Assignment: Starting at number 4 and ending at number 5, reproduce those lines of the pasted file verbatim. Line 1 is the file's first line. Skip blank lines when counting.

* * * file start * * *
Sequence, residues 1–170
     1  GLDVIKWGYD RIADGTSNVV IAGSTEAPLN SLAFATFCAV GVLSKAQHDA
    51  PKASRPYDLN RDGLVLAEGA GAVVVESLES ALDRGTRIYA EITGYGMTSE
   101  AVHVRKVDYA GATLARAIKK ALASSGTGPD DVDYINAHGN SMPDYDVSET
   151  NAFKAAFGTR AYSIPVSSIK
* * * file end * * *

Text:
   101  AVHVRKVDYA GATLARAIKK ALASSGTGPD DVDYINAHGN SMPDYDVSET
   151  NAFKAAFGTR AYSIPVSSIK